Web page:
Metacognition is "thinking about thinking." As parents or educators, one of our responsibilities is to teach our children how to think. So many times I meet college students for the first time, and when I ask them a question, they immediately turn to the parents for the answer. Many times they do not even know why they are in my office. These are the students who have not learned to think things through for themselves. They follow blindly and wait to be told. Unfortunately, when these kids get to college, there is a very good chance they are going to be lost and confused in their classes. This transition time, when they are going to be treated as an adult and on their own, is a perfect time for a little "what if..." conversation. When you are helping your children transition to college, let them know that they are there to lead the discussion with the Disability Advisor. Ask your children what they can tell you about how they learn. Help them develop a plan that includes becoming a self advocate. Talk to them about the kinds of accommodations that they feel are important. Some kids do not want to take a test away from the rest of the class, but if they are to have extended time on tests, then they need to discuss that issue with the advisor. These young adults need to realize that testing arrangements will be a conversation they will have with the teacher, not you. How will they handle it? Perhaps testing accommodations would be a good question to take to the meeting. Help your children come into the meetings with a plan and list of questions. This is the first step in beginning to "think about thinking."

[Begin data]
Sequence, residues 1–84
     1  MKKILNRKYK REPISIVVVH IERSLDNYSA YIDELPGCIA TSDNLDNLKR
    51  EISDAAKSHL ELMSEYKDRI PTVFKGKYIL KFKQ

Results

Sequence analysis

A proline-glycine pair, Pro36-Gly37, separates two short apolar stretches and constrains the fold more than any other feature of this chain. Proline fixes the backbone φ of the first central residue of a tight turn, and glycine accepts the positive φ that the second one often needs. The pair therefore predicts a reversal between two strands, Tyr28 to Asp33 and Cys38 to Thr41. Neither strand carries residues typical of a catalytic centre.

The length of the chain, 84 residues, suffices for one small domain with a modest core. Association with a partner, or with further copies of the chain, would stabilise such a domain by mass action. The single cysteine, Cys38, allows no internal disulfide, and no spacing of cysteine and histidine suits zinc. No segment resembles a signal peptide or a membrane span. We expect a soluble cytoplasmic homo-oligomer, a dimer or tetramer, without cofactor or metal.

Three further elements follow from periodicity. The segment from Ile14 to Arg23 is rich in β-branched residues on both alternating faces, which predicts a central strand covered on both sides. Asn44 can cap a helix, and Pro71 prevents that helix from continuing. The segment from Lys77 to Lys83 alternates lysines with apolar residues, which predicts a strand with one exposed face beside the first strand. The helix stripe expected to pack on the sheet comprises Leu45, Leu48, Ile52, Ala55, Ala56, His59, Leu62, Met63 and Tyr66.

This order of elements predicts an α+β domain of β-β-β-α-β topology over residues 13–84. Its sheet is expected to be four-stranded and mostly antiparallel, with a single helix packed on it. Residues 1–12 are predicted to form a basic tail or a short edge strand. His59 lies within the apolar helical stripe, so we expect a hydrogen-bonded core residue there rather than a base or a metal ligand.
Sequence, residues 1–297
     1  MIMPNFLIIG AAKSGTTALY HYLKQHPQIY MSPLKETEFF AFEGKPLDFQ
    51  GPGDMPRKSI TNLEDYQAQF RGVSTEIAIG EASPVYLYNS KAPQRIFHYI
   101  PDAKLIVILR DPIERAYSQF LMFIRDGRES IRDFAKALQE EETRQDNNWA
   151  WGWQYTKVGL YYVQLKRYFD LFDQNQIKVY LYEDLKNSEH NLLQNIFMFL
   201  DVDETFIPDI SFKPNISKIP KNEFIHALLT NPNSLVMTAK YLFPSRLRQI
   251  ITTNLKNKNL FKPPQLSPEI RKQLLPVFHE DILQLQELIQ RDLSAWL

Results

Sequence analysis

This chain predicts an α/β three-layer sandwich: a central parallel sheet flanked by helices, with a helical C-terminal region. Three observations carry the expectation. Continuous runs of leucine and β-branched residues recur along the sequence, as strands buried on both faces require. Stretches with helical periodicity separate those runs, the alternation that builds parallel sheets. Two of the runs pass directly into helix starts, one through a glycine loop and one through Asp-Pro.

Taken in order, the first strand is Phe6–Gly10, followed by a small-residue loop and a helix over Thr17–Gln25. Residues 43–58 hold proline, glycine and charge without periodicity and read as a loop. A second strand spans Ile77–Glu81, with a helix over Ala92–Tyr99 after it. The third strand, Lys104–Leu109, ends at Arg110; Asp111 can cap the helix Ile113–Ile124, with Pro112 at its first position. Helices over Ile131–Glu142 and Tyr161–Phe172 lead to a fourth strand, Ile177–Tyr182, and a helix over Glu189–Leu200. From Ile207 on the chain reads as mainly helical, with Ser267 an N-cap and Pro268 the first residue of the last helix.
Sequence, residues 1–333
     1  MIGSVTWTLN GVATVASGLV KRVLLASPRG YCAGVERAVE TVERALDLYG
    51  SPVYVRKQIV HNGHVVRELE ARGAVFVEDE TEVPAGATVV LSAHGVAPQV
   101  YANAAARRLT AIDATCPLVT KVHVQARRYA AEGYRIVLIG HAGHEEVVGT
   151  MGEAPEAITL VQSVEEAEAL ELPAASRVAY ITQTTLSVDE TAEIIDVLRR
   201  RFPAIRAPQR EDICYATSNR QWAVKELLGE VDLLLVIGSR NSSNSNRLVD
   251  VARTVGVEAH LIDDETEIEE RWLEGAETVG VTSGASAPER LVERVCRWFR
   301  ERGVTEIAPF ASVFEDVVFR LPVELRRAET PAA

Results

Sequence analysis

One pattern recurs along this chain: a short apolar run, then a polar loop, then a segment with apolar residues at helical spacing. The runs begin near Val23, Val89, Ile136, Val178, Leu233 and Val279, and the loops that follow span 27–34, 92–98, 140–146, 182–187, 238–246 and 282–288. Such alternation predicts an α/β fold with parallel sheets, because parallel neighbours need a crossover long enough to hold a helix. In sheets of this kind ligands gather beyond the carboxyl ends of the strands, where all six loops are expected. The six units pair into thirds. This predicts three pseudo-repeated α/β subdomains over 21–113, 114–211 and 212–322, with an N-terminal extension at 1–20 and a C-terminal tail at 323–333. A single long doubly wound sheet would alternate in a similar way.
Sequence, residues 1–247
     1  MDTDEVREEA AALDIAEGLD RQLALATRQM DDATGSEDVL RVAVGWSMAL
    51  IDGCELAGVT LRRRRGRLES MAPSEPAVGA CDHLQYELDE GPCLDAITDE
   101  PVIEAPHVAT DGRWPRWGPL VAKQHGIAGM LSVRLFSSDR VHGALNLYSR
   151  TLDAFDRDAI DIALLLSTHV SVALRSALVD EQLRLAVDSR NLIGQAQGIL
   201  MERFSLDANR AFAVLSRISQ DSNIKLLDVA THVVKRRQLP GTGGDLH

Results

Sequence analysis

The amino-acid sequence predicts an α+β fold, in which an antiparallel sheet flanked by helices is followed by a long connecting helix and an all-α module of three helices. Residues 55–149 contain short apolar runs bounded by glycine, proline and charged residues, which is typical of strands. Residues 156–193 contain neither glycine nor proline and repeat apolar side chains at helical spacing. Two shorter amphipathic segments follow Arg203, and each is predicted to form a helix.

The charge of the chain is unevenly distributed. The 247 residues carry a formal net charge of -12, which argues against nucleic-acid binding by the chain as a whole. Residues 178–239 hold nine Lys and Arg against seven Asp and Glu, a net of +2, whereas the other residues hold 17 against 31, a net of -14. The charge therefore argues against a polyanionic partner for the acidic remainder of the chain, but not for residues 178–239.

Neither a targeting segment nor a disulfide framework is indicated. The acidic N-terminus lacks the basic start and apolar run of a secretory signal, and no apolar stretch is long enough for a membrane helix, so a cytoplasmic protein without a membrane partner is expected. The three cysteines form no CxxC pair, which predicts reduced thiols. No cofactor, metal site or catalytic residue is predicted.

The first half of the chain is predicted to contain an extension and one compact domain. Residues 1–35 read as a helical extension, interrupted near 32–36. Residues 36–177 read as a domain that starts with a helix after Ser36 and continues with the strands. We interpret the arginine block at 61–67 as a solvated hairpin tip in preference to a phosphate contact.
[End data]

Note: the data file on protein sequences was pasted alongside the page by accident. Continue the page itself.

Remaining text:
I once had a student who did extremely well on a very difficult test, and when I asked him how he managed to do so well, he responded that he just pretended that he had a "little Mickie" in his pocket who was whispering information into his ear. He was using his inner voice to talk himself through some very difficult details of the test. He gave me the perfect definition of metacognition, and I knew he was going to be fine for the rest of his classes. He figured out how to "think about thinking!"